The asteroid Ryugu, just under one kilometre in diameter, is a ‘Near-Earth Object’ (NEO) – that is, an asteroid or comet that comes close to, or intersects, Earth’s orbit. However, Ryugu never comes into the immediate vicinity of the Earth and therefore poses no danger. Previous results have shown that Ryugu, as a link in planetary formation, is a relic from the early stages of the Solar System around 4.5-billion-years-ago. The carbon-rich C-type asteroid is almost entirely made of highly porous material and was most likely formed largely from fragments of a parent body shattered by impacts. The high porosity and the associated low internal cohesion of the rock fragments mean that such bodies probably break up into numerous pieces upon entering the Earth's atmosphere. For this reason, meteorites of this class of carbon-rich asteroids can only very rarely be found and analysed on Earth, because the atmosphere tends to offer us greater protection against them than it does against other asteroids. This is precisely why the examination of the Ryugu samples on Earth is of particular scientific significance. Researchers hope that the investigations will provide important indications of how asteroids of this type – for which little is known about their properties and composition – could be redirected in future in the event of an impending collision.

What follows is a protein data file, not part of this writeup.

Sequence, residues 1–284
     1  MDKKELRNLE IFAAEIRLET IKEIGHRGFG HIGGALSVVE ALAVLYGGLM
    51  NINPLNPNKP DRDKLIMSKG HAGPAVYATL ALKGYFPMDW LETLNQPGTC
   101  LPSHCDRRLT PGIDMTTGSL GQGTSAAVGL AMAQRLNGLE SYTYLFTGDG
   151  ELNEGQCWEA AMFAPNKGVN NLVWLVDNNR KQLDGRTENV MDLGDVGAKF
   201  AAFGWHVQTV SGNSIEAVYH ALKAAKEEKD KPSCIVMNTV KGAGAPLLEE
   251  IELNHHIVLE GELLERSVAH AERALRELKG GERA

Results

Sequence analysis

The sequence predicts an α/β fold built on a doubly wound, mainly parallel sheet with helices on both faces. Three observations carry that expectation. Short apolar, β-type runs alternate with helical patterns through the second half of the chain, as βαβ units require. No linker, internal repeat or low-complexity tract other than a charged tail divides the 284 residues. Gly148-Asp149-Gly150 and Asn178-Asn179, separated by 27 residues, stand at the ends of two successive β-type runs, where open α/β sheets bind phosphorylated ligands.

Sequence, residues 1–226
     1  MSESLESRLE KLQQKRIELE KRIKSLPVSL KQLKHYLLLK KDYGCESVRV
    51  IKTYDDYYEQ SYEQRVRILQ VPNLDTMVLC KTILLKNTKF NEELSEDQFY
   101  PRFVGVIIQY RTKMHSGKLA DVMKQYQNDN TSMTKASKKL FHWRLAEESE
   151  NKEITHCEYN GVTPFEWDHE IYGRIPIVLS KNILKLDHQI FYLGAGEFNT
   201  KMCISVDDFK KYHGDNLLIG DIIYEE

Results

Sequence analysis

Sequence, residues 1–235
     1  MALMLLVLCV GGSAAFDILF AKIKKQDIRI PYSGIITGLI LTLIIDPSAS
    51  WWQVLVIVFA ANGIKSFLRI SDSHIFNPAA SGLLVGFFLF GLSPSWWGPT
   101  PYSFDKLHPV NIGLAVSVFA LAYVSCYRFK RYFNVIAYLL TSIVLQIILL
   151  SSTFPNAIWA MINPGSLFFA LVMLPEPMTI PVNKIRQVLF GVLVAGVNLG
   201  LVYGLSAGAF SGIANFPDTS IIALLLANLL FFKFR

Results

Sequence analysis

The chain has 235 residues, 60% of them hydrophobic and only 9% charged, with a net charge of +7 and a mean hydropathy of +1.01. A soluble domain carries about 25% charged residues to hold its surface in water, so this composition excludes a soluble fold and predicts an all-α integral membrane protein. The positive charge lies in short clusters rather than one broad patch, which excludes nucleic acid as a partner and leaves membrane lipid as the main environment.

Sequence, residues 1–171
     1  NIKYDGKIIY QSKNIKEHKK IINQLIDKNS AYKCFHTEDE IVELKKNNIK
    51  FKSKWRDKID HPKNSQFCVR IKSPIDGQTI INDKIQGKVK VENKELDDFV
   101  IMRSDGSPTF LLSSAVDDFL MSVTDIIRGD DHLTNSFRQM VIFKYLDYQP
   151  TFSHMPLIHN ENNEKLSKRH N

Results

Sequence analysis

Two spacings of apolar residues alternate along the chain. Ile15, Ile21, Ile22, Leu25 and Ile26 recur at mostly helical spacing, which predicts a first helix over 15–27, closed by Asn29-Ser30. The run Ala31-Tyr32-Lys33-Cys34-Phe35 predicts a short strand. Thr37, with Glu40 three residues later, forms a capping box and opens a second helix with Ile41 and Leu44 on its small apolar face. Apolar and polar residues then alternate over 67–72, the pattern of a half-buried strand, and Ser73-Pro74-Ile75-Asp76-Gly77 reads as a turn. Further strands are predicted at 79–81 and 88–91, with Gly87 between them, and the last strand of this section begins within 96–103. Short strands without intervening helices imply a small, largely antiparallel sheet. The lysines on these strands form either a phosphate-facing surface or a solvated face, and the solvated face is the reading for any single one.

Image of the Ryugu asteroid from a distance of six kilometres
Close to the Ryugu asteroid
On 20 July 2018, the Optical Navigation Camera – Telescopic (ONC-T) of the Japanese Hayabusa2 spacecraft – took this image of asteroid Ryugu from a distance of six kilometres. Clearly visible are the numerous large rocks on the asteroid’s surface as well as the large craters in the middle of the image. One pixel corresponds to 60 centimetres.
Credit: JAXA, University of Tokyo, Kochi University, Rikkyo University, Nagoya University, Chiba Institute of Technology, Meiji University, University of Aizu, AIST, Kobe University, Auburn University.